Reforms require approval from the Republican-controlled state Senate, which is unlikely to comply
Assembly Speaker Carl Heastie last week unveiled an array of ethics reforms intended to help clean up Albany—or at least give the impression of leading a virtuous effort.
Heastie proposed fixes that had government watchdog groups howling with approval, including limits to legislators’ outside income and fundraising. He would close one loophole that allows real estate interests to donate outsize sums through opaquely named limited-liability companies, and another that lets donors lavish unlimited amounts of cash on political parties’ so-called housekeeping accounts, through which it is then doled out to candidates.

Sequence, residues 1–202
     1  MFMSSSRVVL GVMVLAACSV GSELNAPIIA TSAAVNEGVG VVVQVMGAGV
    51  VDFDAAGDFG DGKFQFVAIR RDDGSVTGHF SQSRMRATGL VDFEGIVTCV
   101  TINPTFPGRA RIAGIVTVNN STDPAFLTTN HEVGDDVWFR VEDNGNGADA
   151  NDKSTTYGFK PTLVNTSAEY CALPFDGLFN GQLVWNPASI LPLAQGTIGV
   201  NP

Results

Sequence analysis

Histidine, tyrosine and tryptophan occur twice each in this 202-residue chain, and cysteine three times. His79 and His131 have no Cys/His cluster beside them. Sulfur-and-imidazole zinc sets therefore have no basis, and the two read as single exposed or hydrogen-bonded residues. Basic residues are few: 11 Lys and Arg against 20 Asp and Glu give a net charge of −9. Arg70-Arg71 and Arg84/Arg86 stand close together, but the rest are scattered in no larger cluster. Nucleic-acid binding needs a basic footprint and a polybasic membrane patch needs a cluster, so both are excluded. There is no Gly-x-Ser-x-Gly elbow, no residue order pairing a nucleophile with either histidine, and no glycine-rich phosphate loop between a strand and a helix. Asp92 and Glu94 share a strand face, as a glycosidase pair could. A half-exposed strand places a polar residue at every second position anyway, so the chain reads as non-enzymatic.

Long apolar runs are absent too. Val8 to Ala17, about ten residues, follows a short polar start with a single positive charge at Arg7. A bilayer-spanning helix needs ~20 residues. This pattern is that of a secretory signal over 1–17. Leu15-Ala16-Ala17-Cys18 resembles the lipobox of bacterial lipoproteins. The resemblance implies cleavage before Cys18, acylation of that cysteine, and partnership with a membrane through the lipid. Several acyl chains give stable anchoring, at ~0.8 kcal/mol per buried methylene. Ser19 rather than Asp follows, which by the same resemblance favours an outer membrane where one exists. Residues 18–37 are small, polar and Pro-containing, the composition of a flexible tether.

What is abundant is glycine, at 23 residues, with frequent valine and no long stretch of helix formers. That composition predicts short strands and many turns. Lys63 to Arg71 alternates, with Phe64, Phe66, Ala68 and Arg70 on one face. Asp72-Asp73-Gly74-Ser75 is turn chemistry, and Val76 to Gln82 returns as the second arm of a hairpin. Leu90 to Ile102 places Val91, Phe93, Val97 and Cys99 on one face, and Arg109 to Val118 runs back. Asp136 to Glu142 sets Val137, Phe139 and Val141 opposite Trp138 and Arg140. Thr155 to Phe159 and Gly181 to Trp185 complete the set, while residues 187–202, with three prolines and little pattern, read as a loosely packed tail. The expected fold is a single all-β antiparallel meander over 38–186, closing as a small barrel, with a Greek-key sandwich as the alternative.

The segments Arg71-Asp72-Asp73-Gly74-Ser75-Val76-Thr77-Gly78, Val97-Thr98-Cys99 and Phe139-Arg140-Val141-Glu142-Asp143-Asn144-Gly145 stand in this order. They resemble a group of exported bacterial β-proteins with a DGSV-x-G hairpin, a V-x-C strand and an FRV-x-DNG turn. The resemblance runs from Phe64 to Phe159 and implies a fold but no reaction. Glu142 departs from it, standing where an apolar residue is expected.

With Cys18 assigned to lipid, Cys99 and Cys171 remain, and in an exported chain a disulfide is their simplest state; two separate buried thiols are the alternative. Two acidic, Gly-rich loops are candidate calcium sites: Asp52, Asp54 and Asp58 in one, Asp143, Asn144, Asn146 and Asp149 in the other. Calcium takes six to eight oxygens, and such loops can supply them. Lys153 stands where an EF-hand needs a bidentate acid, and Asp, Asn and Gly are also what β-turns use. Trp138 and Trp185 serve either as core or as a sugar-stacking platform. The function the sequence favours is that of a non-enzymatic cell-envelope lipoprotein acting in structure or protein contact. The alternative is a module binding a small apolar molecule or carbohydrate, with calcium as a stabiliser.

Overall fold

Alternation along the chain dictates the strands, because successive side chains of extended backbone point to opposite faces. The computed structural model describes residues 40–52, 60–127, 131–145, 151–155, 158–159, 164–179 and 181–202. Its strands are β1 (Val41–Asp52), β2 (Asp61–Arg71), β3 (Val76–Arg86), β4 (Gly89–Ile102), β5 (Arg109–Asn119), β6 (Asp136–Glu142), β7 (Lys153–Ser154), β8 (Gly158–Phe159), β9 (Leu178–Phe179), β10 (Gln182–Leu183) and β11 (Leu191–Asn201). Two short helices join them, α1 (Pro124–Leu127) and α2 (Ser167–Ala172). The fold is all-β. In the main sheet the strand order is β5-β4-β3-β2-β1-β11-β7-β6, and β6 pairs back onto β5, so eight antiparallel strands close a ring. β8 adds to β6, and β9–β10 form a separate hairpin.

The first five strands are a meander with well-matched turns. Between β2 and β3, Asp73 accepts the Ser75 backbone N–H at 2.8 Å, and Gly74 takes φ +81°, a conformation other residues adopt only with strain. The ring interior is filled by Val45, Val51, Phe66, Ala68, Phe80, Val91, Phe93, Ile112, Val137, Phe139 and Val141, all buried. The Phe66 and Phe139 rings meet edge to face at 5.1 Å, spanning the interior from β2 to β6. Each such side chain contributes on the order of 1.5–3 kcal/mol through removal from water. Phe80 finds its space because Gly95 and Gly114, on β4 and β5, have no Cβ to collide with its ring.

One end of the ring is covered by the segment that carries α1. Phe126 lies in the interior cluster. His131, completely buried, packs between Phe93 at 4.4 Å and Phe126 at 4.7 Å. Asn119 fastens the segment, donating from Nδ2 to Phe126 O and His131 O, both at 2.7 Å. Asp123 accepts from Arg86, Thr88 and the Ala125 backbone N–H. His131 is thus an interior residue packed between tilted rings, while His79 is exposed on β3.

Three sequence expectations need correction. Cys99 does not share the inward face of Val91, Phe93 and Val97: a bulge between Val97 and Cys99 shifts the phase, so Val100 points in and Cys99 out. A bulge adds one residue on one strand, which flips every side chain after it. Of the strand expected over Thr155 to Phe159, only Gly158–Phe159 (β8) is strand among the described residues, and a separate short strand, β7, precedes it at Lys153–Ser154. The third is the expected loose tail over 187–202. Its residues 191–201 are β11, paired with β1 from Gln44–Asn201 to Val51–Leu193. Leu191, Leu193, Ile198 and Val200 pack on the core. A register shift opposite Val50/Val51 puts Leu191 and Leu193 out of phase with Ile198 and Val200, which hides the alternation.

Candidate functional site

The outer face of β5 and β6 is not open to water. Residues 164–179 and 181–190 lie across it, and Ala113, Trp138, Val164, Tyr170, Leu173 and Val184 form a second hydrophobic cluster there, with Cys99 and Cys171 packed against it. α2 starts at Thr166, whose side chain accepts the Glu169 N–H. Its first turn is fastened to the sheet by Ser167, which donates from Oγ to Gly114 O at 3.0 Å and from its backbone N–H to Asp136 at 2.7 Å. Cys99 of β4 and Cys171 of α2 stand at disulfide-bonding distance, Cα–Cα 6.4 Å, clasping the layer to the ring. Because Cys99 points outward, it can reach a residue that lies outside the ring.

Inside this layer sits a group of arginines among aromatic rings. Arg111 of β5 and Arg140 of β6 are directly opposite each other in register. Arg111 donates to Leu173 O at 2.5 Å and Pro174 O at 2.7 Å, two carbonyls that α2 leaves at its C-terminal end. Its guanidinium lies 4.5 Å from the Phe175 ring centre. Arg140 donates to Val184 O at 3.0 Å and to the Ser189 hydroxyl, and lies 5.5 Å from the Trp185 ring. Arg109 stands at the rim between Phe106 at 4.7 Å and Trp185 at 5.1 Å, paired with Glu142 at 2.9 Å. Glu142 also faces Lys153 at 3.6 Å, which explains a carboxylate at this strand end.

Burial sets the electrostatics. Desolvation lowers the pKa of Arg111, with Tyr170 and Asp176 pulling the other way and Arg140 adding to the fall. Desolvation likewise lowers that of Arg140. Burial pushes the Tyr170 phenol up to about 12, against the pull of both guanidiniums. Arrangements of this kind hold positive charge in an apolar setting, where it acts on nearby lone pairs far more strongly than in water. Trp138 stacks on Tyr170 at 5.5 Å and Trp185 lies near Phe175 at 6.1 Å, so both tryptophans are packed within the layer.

Lawmakers would also be required to work for whatever they earn, rather than take a post at a law firm and collect referral fees.
The proposals, which would limit outside earnings to $77,000, aim to screen out much of the behavior that led to the felony conviction last year of Heastie’s predecessor, Sheldon Silver.
But the reforms require approval from the Republican-controlled state Senate, which has resisted them in the past. That could allow Assembly Democrats to vote for the measures without fear that they would become law. Small loopholes could also undermine the effort, said Dick Dadey, executive director of good-government group Citizens Union.
Speaking at a Crain’s breakfast forum, Heastie denied that corruption in Albany is widespread, instead blaming scandals on “bad apples.” Whether his ethics plan will shake the tree remains to be seen.